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height, hanging broken over the lake in horrible gra'ndeur ; some of them a thousand feet hi’gh, the woods climbing up their steep and shaggy s'ides, where mortal fo'ot/ never yet approa'ched. On these dreadful he'ights/ the e'agles build their ne'sts ; a variety of water-falls/ is seen pouring from their sum'mits, and tum'bling (in vast sh'eets) from roʻck to ro'ck/ in ru'de and ter'rible mag-nificence ; while on all sides of this immense amphith'eatre, the lofty moʻuntains rise arou'nd, piercing the clouds in sha’pes/ as sp'iry and fanta'stic/ as the very

ro'cks of Dov'edale. To th'is/ I must add the frequent and bold projection of the cli'ffs into the la'ke, forming noble b’ays and pro'-, montories : in other pa'rts/ they finely reti're-from-it, and often oʻpen/ in abrupt chasm's or cle'fts/, through which, at hand, you see rich and cultivated vaʻles ; and beyond the ́se (at various di'stance) mo’untain rising over mou'ntain ; among wh'ich, new, prospects present themselves in mi'st, till the eye is lo'st/ in an agreeable perplexity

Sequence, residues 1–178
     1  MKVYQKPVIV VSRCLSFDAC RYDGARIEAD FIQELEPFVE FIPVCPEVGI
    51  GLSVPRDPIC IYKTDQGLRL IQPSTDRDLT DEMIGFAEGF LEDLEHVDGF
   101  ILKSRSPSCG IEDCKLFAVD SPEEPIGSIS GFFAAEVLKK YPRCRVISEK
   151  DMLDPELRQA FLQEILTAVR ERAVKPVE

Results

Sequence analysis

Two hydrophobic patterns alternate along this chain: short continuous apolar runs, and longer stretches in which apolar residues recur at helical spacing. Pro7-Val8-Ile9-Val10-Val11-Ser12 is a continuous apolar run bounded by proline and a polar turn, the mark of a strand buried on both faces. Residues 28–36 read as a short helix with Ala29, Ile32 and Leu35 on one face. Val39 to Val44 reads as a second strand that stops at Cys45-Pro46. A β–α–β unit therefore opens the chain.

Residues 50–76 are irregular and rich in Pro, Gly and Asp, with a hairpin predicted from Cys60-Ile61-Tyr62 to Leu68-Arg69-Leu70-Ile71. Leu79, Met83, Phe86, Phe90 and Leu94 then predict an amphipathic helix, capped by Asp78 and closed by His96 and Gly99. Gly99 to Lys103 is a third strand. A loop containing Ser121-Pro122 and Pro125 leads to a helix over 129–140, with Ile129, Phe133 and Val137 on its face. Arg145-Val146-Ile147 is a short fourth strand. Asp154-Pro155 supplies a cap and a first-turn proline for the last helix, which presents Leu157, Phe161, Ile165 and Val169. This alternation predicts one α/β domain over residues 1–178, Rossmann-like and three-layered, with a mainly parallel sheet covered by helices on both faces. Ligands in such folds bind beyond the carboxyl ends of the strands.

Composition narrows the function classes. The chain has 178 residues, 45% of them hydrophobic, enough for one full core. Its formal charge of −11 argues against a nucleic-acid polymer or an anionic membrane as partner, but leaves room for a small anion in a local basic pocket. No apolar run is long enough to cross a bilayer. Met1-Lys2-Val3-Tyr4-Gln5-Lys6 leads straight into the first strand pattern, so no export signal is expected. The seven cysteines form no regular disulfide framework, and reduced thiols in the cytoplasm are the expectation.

Where active fan'cy/ travels beyond sēnse,

And pictures thi'ngsi unsee'n Were I to analyze the two places in their constituent pr’inciples, I should te'll-you, that the fu'll perfection of Ke'swick/ consists of three circumstances—bea'uty, horror, and imm'ensity, uni'ted ; (the second of which alo'ne/ is found in Doîvedale.) Of be’auty, it has little, (nature having left it almost a de'sert); neither its small exten't, nor the diminutive and li feless form of the hi'lls/, admits magn'ificence; but to give you a completeidea of these three perfe'ctions (as they are joined in Kěswick) would require the united powers of Cla’ude, Salv'ator, and Pous'sin. The first/ should throw his delicate su’nshine over the cultivated va'les, the scattered co'ts, the gro'ves, the lak'e, and wooded i’slands : the second should dash out the horror of the rugged cli'ffs, the stee'ps, the hanging woods, and foaming water-falls ; while the grand pencil of Pou'ssin/ should crown the whole with the ma'jesty of the impending mou'ntains.